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Round the switchbacks

up to Dooly Knob—

wobbly buffalo below us.

Our quick breath cooling,

we straggled up the last

jagged rock toward the vista.

Beyond the lake, each crystal

of the city burning. Fast

fall of evening. And even

then, a smog-filled distance

turning mauve. Grains of light

quivered severed and awakened.

We looked away. We blinked

downwind. Ash-clouds loomed,

as if erupting. Another fault-

line laced the ether, spilling off

-kilter nearby the crest. No,

just bleak fumes belched from

a smokestack somewhere clear

past Saltair. Day’s luster broken.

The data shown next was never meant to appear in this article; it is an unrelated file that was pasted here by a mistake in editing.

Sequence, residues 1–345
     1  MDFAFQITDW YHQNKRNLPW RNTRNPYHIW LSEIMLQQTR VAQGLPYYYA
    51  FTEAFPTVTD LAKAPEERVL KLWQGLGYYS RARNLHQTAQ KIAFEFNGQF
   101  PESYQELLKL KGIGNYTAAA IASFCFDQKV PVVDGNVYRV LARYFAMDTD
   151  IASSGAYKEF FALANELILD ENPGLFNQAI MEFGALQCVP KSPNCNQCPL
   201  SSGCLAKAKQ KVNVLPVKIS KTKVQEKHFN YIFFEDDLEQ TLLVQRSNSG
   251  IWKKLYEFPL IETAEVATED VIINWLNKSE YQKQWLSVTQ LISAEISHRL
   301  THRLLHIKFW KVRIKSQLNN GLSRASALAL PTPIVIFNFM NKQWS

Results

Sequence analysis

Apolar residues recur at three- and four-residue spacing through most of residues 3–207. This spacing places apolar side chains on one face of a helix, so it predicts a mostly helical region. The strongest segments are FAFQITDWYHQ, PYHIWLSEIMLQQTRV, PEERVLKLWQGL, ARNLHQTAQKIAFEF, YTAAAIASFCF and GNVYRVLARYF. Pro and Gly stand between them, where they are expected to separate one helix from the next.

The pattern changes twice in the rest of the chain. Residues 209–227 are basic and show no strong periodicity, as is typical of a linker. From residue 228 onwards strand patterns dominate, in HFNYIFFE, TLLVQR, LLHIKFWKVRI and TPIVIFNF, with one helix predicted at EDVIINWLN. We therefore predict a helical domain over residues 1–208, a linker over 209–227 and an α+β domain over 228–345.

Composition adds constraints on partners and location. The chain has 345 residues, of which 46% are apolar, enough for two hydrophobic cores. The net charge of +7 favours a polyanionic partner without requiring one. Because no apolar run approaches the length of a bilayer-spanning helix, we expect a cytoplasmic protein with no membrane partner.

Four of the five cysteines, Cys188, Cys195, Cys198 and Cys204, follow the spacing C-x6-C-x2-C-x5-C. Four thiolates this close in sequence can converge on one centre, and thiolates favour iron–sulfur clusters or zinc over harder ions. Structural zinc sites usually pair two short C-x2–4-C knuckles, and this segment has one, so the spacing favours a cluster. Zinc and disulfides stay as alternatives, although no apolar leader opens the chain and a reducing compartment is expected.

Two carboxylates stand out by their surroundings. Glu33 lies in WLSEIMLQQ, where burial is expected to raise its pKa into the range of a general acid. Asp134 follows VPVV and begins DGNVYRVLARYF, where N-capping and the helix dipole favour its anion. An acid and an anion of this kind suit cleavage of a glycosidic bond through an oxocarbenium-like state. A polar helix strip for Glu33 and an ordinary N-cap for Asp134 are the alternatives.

Will Cordeiro has work appearing or forthcoming in Best New Poets, Copper Nickel, Crab Orchard Review, DIAGRAM, Fourteen Hills, Nashville Review, Poetry Northwest, Valparaiso Poetry Review, Zone 3, and elsewhere. He received his MFA and Ph.D. from Cornell University. He lives in Flagstaff, where he teaches in the Honors College at Northern Arizona University. He writes frequently about the environment of the desert west. This poem was inspired by seeing fumes from the Kennecott Smelter while standing atop a lookout on Antelope Island.

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